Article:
Locating a National Collection

This project investigates how creating links between locations in different collections might open up new forms of research, engagement and interaction for different audiences.

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Locating a national collection logo

This project is a Foundation project within the AHRC-funded Towards a National Collection Programme.


A historical national collection of geospatial data: Places, points of interest, and archaeological features, illustrated in 1660 [Maps K.Top.6.61.]

This project aims to help cultural heritage organisations to use locations – such as where objects were made and used or the places they depict and describe – to connect diverse collections and to engage researchers and public audiences in new ways. Through scoping, workshops and audience research the project seeks to establish best practice and to provide technical recommendations for the development of a national approach to the visualisation and discovery of ‘digital collections’. By this we mean simply the electronic records of cultural heritage (for example of objects, documents, sites or buildings), which may be in the form of digitised content, structured data, metadata, or pointers to web pages.

Locating a National Collection (LaNC) seeks to derive value for visitors, research, and conservation, by working with Galleries, Libraries, Archives, and Museums (so-called GLAMs) and with other institutions and individuals, including those that manage the Historic Environment. The project builds on methodologies developed by The Pelagios Network of researchers, scientists and curators. It will develop understanding within the cultural heritage sector of how location-based interfaces can be used to make collections meaningful, driving content-discovery beyond mere text-based searching and towards visualisation.

Project partners include: National Trust, Historic Royal Palaces, Historic England, Historic Environment Scotland, Museum of London Archaeology, Portable Antiquities Scheme, English Heritage.

A separate website presents web maps that the project has created and details of other outputs.

Engagement work

Engagement work has gathered structured feedback from two groups – cultural heritage professionals and the public – to understand how location might open up collections to new audiences and uses. The first part of this work sought to understand institutional requirements, capabilities, and desires in using location data to create connections between the collections. It identified the diversity of ways in which organisations manage location data, and gave an understanding of how memory, genealogy and community connect the public with collections through location. The Interim Report summarises this initial phase of the project. The second part aimed to understand audiences’ values, their attitudes to heritage and location, and their propensity to engage with digital technologies. Survey and focus group work with the general public offered insights alongside opportunities to test interface ideas. The research has demonstrated how values (such as local identity) alongside motivations (such as curiosity around heritage visits) can inform the design of location-based interfaces (such as web maps). The project has adopted a user-centred approach and these findings will inform the development of the project’s map-based prototype, Peripleo-2 in the next phase.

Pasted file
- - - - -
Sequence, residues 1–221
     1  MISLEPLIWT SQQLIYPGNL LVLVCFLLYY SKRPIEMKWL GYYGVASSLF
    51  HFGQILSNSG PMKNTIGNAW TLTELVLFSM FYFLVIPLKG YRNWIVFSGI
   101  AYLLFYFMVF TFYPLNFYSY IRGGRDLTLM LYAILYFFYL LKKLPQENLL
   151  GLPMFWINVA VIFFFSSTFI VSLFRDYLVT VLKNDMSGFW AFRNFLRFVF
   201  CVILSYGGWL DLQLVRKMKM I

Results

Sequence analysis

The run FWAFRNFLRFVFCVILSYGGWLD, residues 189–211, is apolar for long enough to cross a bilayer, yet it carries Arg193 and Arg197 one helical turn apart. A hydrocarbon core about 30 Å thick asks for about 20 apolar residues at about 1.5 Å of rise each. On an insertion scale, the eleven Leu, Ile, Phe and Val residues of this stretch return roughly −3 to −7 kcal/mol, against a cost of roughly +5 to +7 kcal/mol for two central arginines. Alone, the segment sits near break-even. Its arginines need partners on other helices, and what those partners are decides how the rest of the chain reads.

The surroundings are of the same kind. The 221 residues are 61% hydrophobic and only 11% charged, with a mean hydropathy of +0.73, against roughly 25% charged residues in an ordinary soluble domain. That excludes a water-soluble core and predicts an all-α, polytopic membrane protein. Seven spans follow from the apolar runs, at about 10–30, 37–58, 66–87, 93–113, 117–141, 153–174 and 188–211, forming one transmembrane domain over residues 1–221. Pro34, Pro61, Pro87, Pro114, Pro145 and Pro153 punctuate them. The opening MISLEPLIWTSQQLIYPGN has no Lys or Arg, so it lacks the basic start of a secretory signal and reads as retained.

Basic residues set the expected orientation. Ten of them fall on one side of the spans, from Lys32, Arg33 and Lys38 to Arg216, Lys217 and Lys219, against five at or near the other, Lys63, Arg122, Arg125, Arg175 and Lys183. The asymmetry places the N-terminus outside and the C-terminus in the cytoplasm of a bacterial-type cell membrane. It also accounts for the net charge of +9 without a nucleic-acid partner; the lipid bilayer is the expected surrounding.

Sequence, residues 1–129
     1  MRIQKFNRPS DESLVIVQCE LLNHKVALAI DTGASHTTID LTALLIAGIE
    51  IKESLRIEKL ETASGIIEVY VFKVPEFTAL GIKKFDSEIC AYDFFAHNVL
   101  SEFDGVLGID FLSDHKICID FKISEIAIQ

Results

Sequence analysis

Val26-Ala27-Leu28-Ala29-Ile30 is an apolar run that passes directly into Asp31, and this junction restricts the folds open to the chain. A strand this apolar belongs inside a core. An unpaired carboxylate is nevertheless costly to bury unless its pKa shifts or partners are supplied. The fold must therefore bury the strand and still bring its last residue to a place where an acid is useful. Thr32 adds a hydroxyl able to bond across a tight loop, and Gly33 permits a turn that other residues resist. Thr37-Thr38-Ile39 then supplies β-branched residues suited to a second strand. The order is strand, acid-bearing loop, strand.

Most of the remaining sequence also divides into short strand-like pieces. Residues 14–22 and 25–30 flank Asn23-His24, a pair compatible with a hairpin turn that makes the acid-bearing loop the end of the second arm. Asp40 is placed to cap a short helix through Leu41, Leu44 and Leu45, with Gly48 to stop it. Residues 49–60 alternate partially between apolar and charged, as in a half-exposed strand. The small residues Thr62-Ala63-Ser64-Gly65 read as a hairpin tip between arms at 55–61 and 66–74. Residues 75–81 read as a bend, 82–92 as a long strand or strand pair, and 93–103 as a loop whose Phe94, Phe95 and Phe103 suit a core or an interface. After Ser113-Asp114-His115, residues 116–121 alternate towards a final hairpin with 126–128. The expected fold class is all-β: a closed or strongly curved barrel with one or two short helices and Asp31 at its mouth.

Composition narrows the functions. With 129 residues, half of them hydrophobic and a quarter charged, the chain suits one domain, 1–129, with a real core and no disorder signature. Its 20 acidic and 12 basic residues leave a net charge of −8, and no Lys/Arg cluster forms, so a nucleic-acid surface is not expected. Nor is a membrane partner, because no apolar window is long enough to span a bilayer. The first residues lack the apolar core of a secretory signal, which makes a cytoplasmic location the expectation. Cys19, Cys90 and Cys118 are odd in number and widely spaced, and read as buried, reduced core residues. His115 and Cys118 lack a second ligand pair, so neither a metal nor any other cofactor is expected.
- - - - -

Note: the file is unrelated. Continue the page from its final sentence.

Technical work

Informed by earlier engagement work, the project is at present focussed on the development of two browser-based tools. The first, Locolligo, will offer a simple interface with which individuals or institutions can prepare, enrich, and link their own spatial datasets, producing output in a newly-devised linked data format that is both readily-indexable by search engines, and also easily exported to knowledge bases for richer, deeper linkage and discovery.

Locolligo: Historical Geodata Curator

It will be possible to explore these linked datasets using the project’s second online tool, Peripleo-2, which was originally conceived and developed by the Pelagios community as a map-based means for visualising and exploring annotated historical data. New functionality will highlight geospatial links, and steer public engagement towards web resources such as the online content of cultural heritage collections.

Peripleo-Lite: the prototype for our visualisation tool.

The project will leave a legacy of improved geospatial literacy, and stronger connections between all kinds of cultural heritage organisations and their collections. A developed geospatial visualisation system will help individuals to make serendipitous discoveries and enhance their knowledge of where they live or work. By fostering connections between place and community the project aims to provide an exemplar for the generation of engaging stories, and for the building of tangible links between overlooked or unengaged groups and local pasts, underscoring notions of community empowerment.

Project team

  • Gethin Rees, British Library (Principal Investigator)
  • Alex Hunt, National Trust (Co-Investigator)
  • Anthony Mussen, Historic Royal Palaces (Co-Investigator)
  • Leif Isaksen, University of Exeter (Co-Investigator)
  • Valeria Vitale (Research Curator, until May 2021)
  • Stephen Gadd (Research Curator, from November 2021




The British Library collection of maps, plans and views is one of the largest in the world, numbering some 4.5 million


Towards a National Collection

British Library involvement in AHRC Programme Towards a National Collection

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